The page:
- Grubhub and JOCO, an e-bike rental company, have formed a pilot program offering credits for 1,000 e-bikes to at least 500 New York City delivery workers starting in June. Grubhub is investing about $500,000 in the pilot, which will last for three months.
- The credits give workers free access to e-bikes and over 55 JOCO hubs, where couriers can store bikes, exchange batteries and collect delivery rider gear throughout Manhattan and some parts of Queens.
- The companies framed the offer, which is available to less than 1% of New York’s 65,000 delivery workers in a given month, as a way to improve fire safety. Lithium-ion batteries used to power e-bikes have caused a number of fires in the city recently, which city officials report have killed at least 11 people since the start of 2022.
E-bikes emerged as a vital tool for delivery workers under pressure to complete more orders in less time as far back as 2017. By 2021, many delivery workers were opting for a brand of bikes that topped out at 28 miles per hour, The Verge reports. According to Bloomberg, some models of e-bikes can reach speeds of 37 miles per hour. By contrast, JOCO’s bike speed tops out at roughly 19 miles per hour, Grubhub said in a statement emailed to Restaurant Dive.
It’s possible that JOCO’s relatively slow bike speed compared to rival e-bike platforms could discourage adoption, but the companies believe the partnership’s safety offerings will prove attractive to couriers. Still, the geographical limitations of the company’s operations may challenge participation. There are no JOCO stations north of East 108th Street in Manhattan, and only two stations in Queens, a borough with a population of at least 2.25 million. There are no JOCO hubs in Brooklyn, Staten Island or the Bronx, which have a combined population of at least 4.47 million, according to World Population Review.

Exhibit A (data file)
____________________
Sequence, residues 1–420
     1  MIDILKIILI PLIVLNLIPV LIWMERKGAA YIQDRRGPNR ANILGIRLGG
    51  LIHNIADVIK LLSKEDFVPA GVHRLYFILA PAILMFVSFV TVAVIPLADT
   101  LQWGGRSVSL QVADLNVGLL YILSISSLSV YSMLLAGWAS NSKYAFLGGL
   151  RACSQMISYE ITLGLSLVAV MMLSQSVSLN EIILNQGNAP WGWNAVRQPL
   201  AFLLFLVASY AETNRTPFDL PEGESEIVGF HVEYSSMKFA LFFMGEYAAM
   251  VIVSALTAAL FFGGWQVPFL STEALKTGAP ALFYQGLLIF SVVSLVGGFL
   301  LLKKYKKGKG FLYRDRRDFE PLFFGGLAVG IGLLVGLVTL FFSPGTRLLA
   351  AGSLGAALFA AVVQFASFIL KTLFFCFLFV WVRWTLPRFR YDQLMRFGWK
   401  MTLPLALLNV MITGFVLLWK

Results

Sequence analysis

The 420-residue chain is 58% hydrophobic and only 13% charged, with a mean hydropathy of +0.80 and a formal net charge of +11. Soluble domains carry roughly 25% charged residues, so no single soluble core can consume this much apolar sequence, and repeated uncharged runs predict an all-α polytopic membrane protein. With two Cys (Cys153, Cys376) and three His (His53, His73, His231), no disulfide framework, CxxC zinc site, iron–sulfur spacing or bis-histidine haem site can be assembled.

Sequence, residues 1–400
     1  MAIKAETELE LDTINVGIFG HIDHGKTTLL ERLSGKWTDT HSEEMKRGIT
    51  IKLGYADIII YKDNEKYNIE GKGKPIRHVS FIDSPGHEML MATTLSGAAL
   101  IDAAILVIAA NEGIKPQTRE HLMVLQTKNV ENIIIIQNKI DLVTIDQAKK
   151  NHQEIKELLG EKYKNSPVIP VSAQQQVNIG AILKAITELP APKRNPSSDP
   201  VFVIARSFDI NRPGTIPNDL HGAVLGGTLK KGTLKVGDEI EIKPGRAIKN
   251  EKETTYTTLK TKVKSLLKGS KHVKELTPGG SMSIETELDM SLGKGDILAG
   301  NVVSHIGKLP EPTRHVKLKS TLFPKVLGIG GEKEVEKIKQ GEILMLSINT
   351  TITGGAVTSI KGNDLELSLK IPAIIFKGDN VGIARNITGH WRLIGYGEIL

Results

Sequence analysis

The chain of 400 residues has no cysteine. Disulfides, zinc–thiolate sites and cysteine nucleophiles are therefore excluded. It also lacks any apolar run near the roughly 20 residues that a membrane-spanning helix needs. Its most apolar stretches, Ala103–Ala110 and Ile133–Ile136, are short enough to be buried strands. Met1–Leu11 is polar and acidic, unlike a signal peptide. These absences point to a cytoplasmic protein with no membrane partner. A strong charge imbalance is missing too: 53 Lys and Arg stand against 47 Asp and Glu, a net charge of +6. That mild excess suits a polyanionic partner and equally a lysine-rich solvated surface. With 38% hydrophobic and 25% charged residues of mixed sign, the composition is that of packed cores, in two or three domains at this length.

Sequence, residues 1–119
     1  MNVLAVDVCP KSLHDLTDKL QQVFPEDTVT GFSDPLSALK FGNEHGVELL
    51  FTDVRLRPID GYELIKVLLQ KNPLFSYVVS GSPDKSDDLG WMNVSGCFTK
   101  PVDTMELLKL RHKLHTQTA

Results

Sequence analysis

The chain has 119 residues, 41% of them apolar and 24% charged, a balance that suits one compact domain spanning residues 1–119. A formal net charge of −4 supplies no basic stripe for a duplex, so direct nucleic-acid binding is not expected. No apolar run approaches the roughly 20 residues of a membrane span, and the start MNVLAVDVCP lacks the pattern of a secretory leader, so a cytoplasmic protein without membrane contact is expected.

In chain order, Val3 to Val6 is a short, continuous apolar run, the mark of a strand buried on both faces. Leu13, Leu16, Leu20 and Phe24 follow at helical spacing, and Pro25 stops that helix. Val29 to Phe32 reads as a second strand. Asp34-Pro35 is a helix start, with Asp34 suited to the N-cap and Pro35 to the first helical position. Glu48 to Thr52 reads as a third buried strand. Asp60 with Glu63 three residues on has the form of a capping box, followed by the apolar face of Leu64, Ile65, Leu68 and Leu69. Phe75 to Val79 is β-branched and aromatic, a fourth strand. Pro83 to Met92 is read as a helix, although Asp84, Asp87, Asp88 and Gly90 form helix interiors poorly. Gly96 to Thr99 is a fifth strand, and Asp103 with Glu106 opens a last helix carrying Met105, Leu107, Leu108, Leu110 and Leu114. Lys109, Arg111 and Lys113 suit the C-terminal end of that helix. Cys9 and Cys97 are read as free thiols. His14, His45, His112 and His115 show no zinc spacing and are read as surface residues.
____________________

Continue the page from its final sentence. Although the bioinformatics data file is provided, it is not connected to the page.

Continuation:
“Top tier” couriers, which Grubub measures by commitment rate, timely arrivals and scheduling commitments, will be selected for the pilot, Grubhub wrote in an email to Restaurant Dive. Five hundred delivery partners will be selected each month, meaning the company “likely won’t distribute to the same 500 bikers” month to month, Grubhub said.
Grubhub will also give the New York City Fire Department’s FDNY Foundation, which is working to educate on safe practices for lithium-ion battery use, a $100,000 grant from the Grubhub Community Fund. JOCO’s batteries meet rigorous safety standards, and charging cabinets are equipped with fire extinguishers, Grubhub said.
Delivery worker safety and working conditions became a political flashpoint in New York City during the pandemic, when some of the city’s delivery workforce began organizing to protect themselves against theft and exploitative labor practices. That surge of activism resulted in the passage of new laws protecting workers and setting wages, though an initial wage-setting proposal was weakened after industry pushback. In other states, the tension over delivery working standards has led to some of the most expensive political battles of recent years, with gig economy companies facing off against organized labor in a years-long contest over independent contractor status in California.
Other restaurant companies have publicized perks offered to New York City delivery workers over the years. Chick-fil-A operated a pop-up space in February for workers that offers bike storage, bathrooms and WiFi, and DoorDash began offering bike rental discounts to New York City delivery workers in late 2020. The spate of local fires tied to bike batteries has spurred other nominal efforts by companies to improve safety, as well. Uber is working on an incentive program to encourage workers to give up aging or unsafe e-bikes.